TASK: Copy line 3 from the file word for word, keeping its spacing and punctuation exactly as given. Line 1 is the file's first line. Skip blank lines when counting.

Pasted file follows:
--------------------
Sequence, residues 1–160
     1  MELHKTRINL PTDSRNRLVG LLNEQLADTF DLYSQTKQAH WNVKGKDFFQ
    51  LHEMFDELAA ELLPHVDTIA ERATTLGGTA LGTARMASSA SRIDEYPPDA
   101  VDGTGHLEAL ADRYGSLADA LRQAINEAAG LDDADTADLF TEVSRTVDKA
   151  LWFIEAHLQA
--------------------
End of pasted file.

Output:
    51  LHEMFDELAA ELLPHVDTIA ERATTLGGTA LGTARMASSA SRIDEYPPDA